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Wells Fargo Bank, National Association v. Stella Kokolis


March 1, 2012


The opinion of the court was delivered by: Dora L. Irizarry, U.S. District Judge:


Plaintiff Wells Fargo Bank, National Association, as the Trustee for the Registered Holders of LSTAR Commercial Mortgage Trust 2011-1, Commercial Mortgage Pass-Through Certificate, Series 2011-1, acting through its special servicer, Hudson Americas, LLC ("Plaintiff") brought this action against defendants Stella Kokolis, individually and as Executrix of the Estate of Peter Kokolis, Spyro Kokolis and Ronald Kokolis (collectively "Defendants"), seeking to enforce a guaranty entered into by Peter Kokolis ("Kokolis"), who has since passed away. Defendants moved to dismiss pursuant to Rule 12(b)(6) of the Federal Rules of Civil Procedure, asserting that this action is barred by New York State law and, in the alternative, that this court should abstain from asserting jurisdiction over this action in favor of an action pending in Florida. Plaintiff opposed the motion. For the reasons set forth below, Defendants' motion is denied in its entirety.


On June 16, 2006, Citibank F.S.B. lent Center Plaza, LLC ("Center Plaza") $1,085,000 ("Loan") pursuant to a promissory note ("Note"). (Compl., Dkt. Entry 1, at ¶ 9, Ex. A.) The Loan was secured by a mortgage on a commercial property in New Port Richey, Florida ("Florida Property") owned by Center Plaza. (See id. Ex. A.) On the same date, Kokolis executed a Loan and Continuing Guaranty agreement ("Guaranty") personally guaranteeing payments on the Loan. (Id. ¶¶ 10-14, Ex. B.) The Note and Guaranty subsequently were assigned to Plaintiff. (Id. ¶¶ 16-21.)

Kokolis died on November 18, 2006 and his estate was probated in New York State Surrogate's Court, Kings County. (Id. ¶ 3.) Under Kokolis' Last Will and Testament, Defendants received a total of approximately $11 million from Kokolis' estate. (Id. ¶¶ 27-28.)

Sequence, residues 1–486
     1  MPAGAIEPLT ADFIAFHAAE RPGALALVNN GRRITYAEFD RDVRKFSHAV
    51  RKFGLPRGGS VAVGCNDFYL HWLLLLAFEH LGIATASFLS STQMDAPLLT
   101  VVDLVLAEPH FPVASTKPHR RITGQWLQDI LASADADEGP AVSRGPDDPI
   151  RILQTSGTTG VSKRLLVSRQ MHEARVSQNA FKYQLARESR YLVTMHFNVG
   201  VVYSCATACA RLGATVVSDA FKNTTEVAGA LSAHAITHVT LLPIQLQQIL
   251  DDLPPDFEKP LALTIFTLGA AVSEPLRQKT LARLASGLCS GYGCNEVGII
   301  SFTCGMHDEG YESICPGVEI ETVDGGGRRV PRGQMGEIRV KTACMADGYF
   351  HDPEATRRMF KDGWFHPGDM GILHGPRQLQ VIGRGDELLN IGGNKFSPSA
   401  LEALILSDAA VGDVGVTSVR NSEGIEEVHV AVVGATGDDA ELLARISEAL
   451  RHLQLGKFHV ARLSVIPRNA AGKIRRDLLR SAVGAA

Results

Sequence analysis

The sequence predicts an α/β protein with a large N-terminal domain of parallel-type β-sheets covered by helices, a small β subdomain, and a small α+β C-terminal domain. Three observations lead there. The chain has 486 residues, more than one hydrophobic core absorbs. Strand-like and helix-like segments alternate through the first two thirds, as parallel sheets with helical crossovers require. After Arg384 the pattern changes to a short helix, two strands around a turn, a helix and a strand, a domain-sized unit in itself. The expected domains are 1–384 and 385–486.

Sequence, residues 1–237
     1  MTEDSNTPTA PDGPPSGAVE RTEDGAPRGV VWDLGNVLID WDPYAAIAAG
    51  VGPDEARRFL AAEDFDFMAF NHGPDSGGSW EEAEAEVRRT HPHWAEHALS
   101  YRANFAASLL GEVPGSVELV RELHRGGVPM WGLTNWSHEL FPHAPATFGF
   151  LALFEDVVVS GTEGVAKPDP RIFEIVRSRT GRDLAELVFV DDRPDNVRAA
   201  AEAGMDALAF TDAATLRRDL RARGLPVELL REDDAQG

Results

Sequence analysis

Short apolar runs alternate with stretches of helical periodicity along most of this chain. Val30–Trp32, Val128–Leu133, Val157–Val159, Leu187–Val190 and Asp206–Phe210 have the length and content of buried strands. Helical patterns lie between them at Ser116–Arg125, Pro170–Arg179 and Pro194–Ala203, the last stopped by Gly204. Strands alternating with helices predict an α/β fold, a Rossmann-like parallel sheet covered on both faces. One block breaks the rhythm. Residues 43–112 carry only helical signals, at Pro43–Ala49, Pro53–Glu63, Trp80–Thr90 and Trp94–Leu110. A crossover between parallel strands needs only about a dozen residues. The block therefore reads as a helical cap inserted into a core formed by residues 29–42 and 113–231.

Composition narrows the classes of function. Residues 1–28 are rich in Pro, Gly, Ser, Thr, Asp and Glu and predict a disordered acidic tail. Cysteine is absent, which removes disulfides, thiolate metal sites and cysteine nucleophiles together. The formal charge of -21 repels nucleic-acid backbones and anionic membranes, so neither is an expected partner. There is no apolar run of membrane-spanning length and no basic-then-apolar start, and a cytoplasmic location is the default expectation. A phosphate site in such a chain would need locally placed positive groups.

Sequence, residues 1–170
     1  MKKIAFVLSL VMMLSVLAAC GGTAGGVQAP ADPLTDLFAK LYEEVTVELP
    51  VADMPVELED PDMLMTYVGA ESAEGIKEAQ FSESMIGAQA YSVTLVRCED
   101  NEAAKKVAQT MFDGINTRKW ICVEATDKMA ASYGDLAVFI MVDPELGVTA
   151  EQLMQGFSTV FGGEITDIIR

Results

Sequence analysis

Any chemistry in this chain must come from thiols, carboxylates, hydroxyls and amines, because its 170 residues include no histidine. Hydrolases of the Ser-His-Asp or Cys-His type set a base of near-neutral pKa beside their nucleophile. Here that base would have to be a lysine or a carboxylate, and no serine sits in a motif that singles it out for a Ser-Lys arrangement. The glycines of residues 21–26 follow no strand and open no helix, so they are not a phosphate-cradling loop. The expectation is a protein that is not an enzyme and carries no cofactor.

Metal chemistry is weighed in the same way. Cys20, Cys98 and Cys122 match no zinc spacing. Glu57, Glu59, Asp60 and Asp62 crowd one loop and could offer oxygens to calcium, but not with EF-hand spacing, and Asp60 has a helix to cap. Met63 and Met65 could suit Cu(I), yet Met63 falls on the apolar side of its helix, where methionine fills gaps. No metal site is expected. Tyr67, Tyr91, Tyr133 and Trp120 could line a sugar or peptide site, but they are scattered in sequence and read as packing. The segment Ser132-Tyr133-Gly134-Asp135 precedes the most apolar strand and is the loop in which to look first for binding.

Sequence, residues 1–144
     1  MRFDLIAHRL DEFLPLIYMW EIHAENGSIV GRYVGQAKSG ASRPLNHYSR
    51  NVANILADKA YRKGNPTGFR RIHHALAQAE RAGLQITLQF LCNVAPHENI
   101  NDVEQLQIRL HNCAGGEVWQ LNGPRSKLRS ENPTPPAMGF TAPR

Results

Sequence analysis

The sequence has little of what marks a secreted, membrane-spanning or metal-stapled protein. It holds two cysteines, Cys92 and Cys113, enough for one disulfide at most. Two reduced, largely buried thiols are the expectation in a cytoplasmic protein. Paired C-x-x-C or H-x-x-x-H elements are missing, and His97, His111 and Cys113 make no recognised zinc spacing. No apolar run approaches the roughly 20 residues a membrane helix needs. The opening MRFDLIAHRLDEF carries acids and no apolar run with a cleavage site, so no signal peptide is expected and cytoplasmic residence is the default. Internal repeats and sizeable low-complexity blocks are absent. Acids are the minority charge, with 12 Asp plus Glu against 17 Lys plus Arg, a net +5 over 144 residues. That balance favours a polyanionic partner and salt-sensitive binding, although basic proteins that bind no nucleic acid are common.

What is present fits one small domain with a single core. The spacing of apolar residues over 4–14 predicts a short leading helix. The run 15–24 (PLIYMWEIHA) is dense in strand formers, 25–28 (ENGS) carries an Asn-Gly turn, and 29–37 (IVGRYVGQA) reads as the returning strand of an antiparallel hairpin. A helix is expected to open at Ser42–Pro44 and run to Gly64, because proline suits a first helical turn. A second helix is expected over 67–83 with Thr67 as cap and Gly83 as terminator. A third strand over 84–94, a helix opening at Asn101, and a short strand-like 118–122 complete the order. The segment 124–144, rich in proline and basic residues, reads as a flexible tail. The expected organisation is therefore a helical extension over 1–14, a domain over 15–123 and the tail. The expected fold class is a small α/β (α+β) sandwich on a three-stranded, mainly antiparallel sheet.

On July 1, 2011, Center Plaza defaulted on the Loan and Plaintiff accelerated the payments due. (Id. ¶¶ 22-23.) As of February 21, 2012, the Loan's outstanding balance was approximately $1 million. (Id. ¶ 25.) On December 15, 2011, Plaintiff filed an action in Florida state court seeking to foreclose on the Florida Property and collect under the Guaranty, naming Center Plaza and Peter Kokolis as the defendants. (See Decl. of Yuval D. Bar-Kokhba, Dkt. Entry 6-1 ("Bar-Kokhba Decl."), Ex. 1.) The Florida Action was stayed on or about February 21, 2012, when Center Plaza filed a Chapter 11 Bankruptcy Proceeding in the United States District Court for the Middle District of Florida. (See id. Ex. 2; Mem. of Law in Supp. of Defs.' Mot. to Dismiss the Compl., Dkt. Entry 6-8 ("Defs.' Mem."), at 2; Pl.'s Mem. of Law in Opp'n to Defs.' Mot. to Dismiss the Compl., Dkt. Entry 6-10 ("Pl.'s Opp'n"), at 14.) The bankruptcy petition was dismissed on August 16, 2012 and the stay in the Florida Action was lifted. (See Pl.'s Opp'n 14.)

At oral argument for the instant motion, the parties informed the court that summary judgment had been granted in favor of Plaintiff in the Florida Action. The foreclosure sale of the Florida Property is currently set for April 7, 2013. The parties also informed the court that Plaintiff voluntarily dismissed the claims against Kokolis in the Florida Action.

On May 15, 2012, Plaintiff brought the instant action alleging that Defendants are liable for the outstanding balance on the Loan pursuant to the Guaranty. (Compl. ¶ 35.) In lieu of answering the complaint, Defendants moved to dismiss, asserting that this action is barred under New York law because Plaintiff first must foreclose on the Florida Property before trying to collect any money owed under the Guaranty. (See Defs.' Mem. 4-6.) Defendants also assert that, in the alternative, the court should abstain from exercising jurisdiction over this action in favor of the Florida Action. (See id. 7-9.) Plaintiff opposed the motion, contending that it did not have to foreclose on the Florida Property before bringing this action because Defendants do not own the Florida Property and that abstention is not warranted. (See Pl.'s Opp'n 7-15.)